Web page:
NHS England data has revealed the number of referrals made through the NHS Urgent Medicine Supply Advanced Service (NUMSAS) has more than doubled in the past year – and that antidepressants and asthma medications continue to be the most requested items.
NUMSAS, which is funded by the Pharmacy Integration Fund, refers patients from NHS 111 to a local community pharmacy so they can obtain an urgent supply of a medicine or appliance they have previously been prescribed.
A letter sent to NUMSAS providers on May 17 revealed there had been 245,096 referrals from December 2016 to February 2019, compared to 72,676 referrals between December 2016 and March 2018.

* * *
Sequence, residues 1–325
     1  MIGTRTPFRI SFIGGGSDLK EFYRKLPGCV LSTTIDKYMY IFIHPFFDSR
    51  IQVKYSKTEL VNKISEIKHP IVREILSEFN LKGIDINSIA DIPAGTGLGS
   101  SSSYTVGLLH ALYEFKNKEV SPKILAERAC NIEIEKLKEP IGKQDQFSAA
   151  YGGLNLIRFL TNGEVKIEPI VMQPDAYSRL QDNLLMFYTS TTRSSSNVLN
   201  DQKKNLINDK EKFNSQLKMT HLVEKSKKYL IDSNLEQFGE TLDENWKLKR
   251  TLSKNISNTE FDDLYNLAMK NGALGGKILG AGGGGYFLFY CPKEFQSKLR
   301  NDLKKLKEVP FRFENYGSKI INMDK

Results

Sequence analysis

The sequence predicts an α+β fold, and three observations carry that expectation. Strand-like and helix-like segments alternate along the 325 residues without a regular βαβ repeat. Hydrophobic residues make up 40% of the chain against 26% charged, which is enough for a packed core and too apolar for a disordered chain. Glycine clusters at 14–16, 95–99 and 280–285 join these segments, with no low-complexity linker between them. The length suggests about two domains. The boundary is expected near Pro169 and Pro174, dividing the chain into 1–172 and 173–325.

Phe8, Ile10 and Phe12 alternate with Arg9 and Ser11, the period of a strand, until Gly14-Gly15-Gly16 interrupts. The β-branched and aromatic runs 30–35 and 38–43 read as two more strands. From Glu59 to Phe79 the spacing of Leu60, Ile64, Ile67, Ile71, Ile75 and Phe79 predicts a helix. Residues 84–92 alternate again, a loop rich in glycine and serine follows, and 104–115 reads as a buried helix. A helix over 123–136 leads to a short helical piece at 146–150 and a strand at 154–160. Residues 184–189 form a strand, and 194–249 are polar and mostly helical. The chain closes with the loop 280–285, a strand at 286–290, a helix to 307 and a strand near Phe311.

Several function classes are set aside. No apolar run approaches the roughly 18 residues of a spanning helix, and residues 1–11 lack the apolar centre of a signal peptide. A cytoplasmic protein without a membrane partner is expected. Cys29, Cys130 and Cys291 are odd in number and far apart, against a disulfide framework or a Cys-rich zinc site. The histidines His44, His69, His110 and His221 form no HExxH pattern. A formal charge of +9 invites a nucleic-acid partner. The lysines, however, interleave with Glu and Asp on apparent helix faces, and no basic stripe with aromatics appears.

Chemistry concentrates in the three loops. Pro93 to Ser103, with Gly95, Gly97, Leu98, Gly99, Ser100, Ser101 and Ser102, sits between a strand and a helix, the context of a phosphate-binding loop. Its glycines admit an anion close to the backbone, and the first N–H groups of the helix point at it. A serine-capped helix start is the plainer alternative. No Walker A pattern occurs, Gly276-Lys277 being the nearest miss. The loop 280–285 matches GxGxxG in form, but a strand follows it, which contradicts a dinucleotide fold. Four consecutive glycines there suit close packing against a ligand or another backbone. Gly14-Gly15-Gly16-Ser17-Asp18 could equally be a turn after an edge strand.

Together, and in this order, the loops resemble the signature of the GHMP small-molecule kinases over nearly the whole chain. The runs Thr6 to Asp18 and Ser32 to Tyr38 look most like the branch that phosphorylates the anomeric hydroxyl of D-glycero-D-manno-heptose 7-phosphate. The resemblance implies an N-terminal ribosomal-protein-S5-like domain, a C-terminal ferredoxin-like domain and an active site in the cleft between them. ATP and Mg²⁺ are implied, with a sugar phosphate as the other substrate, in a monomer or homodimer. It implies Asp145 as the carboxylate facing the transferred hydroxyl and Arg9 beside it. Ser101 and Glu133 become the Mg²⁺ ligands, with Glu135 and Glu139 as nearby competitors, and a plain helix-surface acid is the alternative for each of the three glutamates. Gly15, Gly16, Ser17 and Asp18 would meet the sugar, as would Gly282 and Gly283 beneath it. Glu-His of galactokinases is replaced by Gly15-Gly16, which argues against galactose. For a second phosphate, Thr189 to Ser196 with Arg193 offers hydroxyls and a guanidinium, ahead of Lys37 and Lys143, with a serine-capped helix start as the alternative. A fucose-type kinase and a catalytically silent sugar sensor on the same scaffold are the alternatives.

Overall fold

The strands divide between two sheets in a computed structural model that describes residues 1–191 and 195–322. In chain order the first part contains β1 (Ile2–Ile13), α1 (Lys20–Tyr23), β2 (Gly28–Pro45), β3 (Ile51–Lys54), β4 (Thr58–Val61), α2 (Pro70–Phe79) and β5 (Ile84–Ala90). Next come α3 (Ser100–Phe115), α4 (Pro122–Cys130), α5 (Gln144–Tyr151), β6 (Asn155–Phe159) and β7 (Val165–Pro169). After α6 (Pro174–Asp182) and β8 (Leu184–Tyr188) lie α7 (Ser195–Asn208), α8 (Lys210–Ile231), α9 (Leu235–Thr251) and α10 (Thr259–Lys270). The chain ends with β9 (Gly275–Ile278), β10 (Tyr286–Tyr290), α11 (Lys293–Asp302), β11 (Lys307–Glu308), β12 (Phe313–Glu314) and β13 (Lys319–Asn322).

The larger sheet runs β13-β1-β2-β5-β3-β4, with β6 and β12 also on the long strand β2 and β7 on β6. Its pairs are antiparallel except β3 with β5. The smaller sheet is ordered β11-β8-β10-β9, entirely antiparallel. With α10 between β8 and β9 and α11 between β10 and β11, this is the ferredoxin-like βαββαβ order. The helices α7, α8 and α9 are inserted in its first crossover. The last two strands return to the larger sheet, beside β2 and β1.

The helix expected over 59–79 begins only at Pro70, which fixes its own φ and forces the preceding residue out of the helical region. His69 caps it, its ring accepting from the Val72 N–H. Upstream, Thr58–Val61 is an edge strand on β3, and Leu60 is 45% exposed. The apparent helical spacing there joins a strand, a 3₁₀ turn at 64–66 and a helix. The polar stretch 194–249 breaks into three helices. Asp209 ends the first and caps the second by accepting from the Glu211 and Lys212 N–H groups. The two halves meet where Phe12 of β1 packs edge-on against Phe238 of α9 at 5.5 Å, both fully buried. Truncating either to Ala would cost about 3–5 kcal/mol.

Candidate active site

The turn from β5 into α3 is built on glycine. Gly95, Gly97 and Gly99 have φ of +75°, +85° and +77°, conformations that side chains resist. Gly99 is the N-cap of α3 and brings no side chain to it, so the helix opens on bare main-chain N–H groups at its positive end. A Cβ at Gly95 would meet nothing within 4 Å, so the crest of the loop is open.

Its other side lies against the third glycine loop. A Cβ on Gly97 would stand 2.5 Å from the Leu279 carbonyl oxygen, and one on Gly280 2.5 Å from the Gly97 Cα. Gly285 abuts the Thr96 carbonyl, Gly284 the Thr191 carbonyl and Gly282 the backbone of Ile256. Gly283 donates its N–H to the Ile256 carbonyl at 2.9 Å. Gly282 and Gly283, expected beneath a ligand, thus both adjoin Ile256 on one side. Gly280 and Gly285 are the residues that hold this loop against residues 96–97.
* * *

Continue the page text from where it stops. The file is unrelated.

The letter revealed that approximately 75 per cent of referrals result in patients being supplied the item they requested. The most frequently requested items are ventolin, salbutamol, sertraline and citalopram, in keeping with a report from the previous year.
Items were not supplied in around 25 per cent of cases. In a previous update on the service, NHS England said the most common reason for a ‘no supply’ was that “the pharmacist considered there was no urgent clinical need for the prescription items”.
NHS England said there has been a “continued significant impact” on GP out-of-hours services since NUMSAS was introduced, with NUMSAS accounting for 56 per cent of urgent repeat medication referrals in February 2019 versus 27 per cent for GP OOH.